Local health care professionals receive COVID-19 vaccines. 

December 23, 2020

Madeline Beld receives a vaccine from registered nurse Carol Robinson

Local health care professionals receive COVID-19 vaccines. 

By Rob Alway, Editor-in-Chief.

LUDINGTON — Spectrum Health Ludington Hospital held its first COVID-19 vaccination clinic Wednesday, Dec. 23, vaccinating hospital personnel, as recommended by Michigan Department of Health and Human Services and District Health Department No. 10 guidelines. 

“I’ve been looking forward to this for a long time,” said nurse practitioner Madeline Beld, who was the first of the 40 people to receive the Moderna vaccine. “I know that everyone else in healthcare has too. It’s been a crazy last year for everybody and especially for those in healthcare who are working with COVID patients every day. I think this is a step forward in the right direction. It’s nice to have some positive things.” 

Physician assistant Susan Persson of Third Coast Family Practice of Scottville was the second person to receive the vaccine. 

Holli Werner, SHLH business assurance specialist, holds up a vile of the vaccine.

“I feel really honored to be here today getting this vaccine, and I’m excited about all of the work that went into the making of this vaccine and its distribution and that we’re here today for it. I think it’s a really big first step for us here in our nation getting things back on track. I was really surprised to be the second person vaccinated at Ludington Hospital and very happy. This year has had its ups and downs. I’ll be anxious for our whole community to be able to get vaccinated.”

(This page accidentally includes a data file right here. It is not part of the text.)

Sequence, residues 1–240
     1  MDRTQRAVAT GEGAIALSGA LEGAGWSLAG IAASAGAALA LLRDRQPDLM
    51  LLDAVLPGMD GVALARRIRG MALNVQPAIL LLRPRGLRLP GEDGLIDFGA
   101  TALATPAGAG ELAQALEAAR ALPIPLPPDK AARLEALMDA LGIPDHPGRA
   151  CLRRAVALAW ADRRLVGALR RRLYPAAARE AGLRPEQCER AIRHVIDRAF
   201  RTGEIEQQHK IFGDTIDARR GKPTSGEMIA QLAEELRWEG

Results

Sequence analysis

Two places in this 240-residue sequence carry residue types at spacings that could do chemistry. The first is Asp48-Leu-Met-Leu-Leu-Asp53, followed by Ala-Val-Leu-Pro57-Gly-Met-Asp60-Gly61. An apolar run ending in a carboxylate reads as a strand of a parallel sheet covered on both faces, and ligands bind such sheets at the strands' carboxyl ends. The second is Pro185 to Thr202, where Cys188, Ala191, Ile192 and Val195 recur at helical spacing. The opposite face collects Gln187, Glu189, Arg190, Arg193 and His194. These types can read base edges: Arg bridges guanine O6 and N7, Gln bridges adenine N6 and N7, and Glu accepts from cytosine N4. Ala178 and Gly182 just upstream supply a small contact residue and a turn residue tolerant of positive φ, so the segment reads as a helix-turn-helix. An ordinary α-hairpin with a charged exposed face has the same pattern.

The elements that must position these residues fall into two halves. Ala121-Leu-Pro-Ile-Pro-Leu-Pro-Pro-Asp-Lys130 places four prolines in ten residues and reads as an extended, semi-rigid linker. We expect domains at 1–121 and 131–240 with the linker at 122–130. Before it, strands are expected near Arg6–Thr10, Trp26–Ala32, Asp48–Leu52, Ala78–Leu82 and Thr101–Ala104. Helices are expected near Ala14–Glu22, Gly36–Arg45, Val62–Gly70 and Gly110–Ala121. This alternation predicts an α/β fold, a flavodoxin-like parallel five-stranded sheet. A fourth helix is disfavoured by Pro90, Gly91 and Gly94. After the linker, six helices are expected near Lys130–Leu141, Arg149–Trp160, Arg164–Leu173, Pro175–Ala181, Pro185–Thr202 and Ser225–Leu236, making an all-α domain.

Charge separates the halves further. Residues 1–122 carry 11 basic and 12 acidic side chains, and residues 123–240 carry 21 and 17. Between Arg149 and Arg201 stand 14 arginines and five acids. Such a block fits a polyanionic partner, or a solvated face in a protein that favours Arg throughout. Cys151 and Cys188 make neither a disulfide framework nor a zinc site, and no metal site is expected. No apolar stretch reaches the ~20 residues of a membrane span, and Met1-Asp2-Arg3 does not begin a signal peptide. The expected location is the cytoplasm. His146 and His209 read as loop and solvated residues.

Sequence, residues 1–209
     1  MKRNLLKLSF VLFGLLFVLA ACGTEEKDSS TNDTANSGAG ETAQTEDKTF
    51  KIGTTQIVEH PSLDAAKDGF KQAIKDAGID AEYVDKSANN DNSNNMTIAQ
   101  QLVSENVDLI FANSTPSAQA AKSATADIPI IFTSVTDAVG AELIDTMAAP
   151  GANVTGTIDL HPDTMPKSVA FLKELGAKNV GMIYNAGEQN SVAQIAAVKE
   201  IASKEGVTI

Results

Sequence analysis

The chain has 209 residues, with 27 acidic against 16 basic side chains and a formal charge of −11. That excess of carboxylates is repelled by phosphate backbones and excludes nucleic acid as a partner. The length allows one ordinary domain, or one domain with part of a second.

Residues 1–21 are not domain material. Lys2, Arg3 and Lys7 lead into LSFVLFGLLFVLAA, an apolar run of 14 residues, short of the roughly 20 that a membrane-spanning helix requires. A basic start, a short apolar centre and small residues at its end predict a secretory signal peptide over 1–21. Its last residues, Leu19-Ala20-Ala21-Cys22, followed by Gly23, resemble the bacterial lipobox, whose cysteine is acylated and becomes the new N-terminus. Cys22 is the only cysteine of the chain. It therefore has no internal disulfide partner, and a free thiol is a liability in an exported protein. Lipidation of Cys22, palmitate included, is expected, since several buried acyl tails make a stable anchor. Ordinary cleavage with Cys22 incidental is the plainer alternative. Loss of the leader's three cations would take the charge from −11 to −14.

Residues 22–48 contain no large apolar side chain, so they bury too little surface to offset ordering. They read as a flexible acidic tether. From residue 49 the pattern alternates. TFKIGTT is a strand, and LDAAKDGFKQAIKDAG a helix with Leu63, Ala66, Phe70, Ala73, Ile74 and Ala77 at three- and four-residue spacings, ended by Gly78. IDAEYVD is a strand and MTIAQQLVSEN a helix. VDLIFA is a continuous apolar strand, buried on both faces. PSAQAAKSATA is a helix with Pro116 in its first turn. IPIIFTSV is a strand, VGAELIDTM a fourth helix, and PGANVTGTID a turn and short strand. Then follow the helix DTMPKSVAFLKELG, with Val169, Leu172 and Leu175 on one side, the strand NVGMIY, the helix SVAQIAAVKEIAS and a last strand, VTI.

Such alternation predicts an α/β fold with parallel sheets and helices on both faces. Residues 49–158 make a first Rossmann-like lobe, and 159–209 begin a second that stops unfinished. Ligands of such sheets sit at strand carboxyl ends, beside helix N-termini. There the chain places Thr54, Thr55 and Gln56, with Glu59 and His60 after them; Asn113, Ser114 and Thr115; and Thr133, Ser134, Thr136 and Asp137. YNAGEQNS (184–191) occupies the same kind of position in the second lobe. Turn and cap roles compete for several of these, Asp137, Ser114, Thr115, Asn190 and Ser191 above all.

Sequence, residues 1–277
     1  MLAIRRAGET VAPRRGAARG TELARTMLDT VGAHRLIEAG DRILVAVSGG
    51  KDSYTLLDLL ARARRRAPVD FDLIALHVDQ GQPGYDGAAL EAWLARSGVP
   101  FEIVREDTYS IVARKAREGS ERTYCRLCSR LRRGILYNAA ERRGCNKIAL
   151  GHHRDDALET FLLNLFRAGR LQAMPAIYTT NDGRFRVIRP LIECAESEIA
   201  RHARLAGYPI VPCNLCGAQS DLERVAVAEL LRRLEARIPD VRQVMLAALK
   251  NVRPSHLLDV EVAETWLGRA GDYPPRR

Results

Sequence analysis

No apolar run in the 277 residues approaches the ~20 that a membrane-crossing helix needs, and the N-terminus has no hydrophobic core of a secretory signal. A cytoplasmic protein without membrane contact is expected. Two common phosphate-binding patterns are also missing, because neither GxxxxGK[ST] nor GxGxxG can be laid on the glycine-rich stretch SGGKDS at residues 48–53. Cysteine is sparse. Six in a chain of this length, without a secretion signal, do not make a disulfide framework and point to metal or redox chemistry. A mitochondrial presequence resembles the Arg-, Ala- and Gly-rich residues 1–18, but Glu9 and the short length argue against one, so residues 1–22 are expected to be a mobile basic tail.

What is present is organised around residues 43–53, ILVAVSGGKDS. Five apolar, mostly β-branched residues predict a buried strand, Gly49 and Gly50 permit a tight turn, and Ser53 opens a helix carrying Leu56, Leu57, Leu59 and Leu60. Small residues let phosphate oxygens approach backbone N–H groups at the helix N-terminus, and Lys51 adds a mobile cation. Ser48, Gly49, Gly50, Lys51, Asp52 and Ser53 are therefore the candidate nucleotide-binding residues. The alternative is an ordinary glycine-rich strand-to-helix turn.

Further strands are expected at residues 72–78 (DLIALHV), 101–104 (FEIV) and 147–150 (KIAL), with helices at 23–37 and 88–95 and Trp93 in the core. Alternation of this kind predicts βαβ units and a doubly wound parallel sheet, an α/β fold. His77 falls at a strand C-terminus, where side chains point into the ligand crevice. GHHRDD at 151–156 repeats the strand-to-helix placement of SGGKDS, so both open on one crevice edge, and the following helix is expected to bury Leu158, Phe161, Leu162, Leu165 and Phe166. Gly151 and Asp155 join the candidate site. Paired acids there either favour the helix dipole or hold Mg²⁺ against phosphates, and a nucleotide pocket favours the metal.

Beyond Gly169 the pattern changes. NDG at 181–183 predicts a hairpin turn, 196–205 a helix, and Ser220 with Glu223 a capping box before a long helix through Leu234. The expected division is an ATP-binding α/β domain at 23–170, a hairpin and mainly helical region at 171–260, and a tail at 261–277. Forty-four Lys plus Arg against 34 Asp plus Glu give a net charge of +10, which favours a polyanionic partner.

John Bottrell, SHLH respiratory therapist, receives a vaccine.

The experience was emotional for occupational therapist Lynne Twining. “Getting the vaccine for me is very emotional. I’ve had a lot of patients–as many of the patient-facing members of our team have—that have lost loved ones, have lost their jobs, have lost their sense of worth from being sick and needing to rely on other people, people grieving from the losses and just the fear that not only our patients but that we have in dealing with this and trying to provide the best care. I guess it just means finally hope. Hope that we can come out of this fear and gridlock and start taking back what’s important to us, our quality of life and our vocation and pursuits of leisure activities and our loved ones. I really think we’re going to come out of this with a much stronger appreciation for the things we never thought about before.”

The vaccine is not mandatory for Spectrum Health employees. Plans to distribute and administer the vaccine evolve based on vaccine inventory from the government. 

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